If the Neuropsyche QME is eliminated, the brain-injured worker will not get the assessment he needs. From the industry perspective, neither will the employer or the insurance company. The likely outcome under this scenario would be wrongful return-to-work work assignments, or no return-to-work assignment when one such could have been made, wrongful deployment of insurance company resources for unindicated services, and, most sadly of all, failure to dispense indicated future medical treatment that could have been properly recommended by the Neuropsyche QME

For these reasons, we advise favorable consideration of AB 1542.

For private doctors not involved in workers comp, we have a warning: elimination of neuropsyche in workers comp could easily be taken up as model by managed care plans everywhere and by government covered entities eager to cut costs even if it means disenfranchising plan participants.

Friday, April 17, 2015

WHEN DOES A $681,000 SALARY REQUIRE "ADDITIONAL INCENTIVE COMPENSATION?" Is there a reasonable argument that ABMS and other board salaries are tied into MOC (Maintenance of Certification)?

According to Form 990 from the IRS for 2013 for the American Board of Medical Specialties (ABMS), Lois Margaret Nora, MD, JD, MBA, president & CEO of the ABMS,  got base compensation of $681,188 plus "bonus and incentive compensation" of $12,500 plus "deferred compensation" of $71,000 plus "nontaxable benefits" of $14,799 for a total of $779,487.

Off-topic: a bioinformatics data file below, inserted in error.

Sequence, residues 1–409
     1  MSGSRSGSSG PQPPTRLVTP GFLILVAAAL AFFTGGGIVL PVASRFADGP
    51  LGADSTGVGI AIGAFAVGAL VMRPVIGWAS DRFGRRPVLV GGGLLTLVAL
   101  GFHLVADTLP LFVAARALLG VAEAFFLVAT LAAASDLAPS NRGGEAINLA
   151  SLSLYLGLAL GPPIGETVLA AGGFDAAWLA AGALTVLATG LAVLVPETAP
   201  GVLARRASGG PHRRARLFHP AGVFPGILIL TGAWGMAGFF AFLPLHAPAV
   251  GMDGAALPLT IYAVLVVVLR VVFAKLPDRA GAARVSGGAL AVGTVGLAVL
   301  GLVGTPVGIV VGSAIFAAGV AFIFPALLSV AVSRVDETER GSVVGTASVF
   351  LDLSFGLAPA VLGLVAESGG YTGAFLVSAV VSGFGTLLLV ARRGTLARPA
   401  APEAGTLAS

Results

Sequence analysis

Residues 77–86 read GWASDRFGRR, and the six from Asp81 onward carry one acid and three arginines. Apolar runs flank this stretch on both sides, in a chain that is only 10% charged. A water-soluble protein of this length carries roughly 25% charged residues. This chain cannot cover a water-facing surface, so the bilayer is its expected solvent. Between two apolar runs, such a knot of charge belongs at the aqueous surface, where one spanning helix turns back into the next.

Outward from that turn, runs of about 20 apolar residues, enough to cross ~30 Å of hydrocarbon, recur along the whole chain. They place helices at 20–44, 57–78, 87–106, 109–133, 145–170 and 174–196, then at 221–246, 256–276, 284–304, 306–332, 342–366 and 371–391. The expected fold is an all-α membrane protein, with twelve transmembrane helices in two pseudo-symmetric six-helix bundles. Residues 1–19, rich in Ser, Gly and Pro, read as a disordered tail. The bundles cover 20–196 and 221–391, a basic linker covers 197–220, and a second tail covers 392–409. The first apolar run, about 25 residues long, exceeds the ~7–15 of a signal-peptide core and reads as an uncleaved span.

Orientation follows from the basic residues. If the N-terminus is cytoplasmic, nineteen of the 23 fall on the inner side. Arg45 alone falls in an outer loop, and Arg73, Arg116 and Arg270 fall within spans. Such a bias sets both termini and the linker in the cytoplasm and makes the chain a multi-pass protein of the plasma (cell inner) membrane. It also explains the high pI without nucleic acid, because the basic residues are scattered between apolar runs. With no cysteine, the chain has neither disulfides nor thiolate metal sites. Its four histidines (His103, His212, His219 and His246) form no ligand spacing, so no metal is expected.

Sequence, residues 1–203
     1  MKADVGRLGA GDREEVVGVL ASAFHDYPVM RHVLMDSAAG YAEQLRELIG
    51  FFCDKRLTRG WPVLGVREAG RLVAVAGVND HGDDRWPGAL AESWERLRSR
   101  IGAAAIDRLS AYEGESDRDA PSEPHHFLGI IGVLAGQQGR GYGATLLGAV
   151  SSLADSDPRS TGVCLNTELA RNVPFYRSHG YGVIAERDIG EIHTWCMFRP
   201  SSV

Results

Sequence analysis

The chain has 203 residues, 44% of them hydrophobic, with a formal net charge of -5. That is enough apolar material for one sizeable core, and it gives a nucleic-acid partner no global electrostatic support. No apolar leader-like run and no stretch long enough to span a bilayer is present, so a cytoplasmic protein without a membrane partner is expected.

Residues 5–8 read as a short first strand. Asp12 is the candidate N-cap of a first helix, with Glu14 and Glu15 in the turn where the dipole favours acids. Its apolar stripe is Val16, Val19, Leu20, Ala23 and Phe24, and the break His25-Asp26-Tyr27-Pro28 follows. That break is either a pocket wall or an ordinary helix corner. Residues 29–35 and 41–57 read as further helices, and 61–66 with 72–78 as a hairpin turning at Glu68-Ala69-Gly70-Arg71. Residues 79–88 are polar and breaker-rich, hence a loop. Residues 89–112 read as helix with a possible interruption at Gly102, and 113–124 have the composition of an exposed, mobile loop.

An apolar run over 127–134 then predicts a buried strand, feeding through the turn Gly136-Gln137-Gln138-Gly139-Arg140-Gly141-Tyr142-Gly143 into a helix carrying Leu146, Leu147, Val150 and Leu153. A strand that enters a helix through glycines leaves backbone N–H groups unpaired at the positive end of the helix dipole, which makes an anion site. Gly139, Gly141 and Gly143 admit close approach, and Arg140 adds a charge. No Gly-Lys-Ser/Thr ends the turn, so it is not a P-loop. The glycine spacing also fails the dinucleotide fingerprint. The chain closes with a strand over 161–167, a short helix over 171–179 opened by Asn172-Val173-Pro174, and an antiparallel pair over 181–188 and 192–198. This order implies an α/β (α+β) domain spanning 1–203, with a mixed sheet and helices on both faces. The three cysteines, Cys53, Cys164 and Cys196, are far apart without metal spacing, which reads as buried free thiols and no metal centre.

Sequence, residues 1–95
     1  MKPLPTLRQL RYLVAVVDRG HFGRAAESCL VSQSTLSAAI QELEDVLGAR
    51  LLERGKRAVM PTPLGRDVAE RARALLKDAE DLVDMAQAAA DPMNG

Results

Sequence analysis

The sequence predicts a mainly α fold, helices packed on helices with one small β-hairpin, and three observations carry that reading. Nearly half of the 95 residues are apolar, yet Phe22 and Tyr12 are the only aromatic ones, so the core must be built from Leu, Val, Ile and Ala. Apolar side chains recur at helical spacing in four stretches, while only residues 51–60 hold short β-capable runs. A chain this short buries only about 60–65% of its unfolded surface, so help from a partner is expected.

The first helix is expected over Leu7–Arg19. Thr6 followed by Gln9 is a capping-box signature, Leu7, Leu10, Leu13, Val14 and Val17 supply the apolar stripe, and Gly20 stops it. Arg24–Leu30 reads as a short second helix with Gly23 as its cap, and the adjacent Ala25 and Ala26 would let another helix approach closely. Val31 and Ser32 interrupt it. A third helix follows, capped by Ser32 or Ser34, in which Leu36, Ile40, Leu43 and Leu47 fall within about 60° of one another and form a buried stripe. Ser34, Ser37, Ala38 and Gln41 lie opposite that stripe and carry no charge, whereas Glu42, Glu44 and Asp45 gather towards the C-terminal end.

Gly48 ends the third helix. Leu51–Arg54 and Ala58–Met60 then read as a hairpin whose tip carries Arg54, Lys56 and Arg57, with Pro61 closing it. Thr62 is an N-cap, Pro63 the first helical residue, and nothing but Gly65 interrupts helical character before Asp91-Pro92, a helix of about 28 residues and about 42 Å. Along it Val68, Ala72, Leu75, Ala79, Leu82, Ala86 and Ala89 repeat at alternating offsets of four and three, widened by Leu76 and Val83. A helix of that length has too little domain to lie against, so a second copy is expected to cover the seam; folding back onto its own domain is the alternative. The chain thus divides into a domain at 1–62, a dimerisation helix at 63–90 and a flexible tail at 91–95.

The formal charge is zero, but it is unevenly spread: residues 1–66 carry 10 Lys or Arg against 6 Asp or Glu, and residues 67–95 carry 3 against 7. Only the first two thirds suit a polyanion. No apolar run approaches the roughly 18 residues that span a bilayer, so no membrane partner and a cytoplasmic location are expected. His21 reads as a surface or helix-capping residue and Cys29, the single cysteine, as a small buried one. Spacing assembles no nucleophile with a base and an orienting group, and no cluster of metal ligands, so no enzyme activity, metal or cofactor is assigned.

Net assets by contrast, pages 1 and 12 of Form 990 are listed as minus $1,238,805.

Of interest is that Dr. Huntoon in AAPS reported $330,000 in remuneration for Dr. Nora for 2012 (see references below) whereas our copy of Form 990 shows remuneration for 2013 of $779,000 -- if we have actually documented a raise, kudos for Dr. Nora.  All ABMS specialists should look over their organizations' Form 990s as a matter of ordinary due diligence. 

According to Form 990 for the American Board of Pyschiatry and Neurology (ABPN) for 2012, Larry R. Faulkner, MD, president and CEO, was compensated at $560,522 for base compensation plus $260,713 for "retirement and other deferred compensation," $22,356 for "nontaxable benefits" for a total of $ 843,591.

Total revenue for 2012 is listed on page 4 of the form in the amount of $17,122,985 (expenses were $12,389,987). Page 10 of the ABPN document, under "Statement of Functional Expenses," shows "assessments of ABMS" in the amount of $687,884. Page 11 shows end-of-year net assets of $65,083,864.


MOC has become one of the most controversial programs within medical practice with a myriad of organizations willing to take it on and offer their own Continued Medical Education (CME) at prices ranging from bargain-level to exorbitant. The point is that the selling of education has become its own business with ABMS boards devouring their own members as fast as greed allows digestion.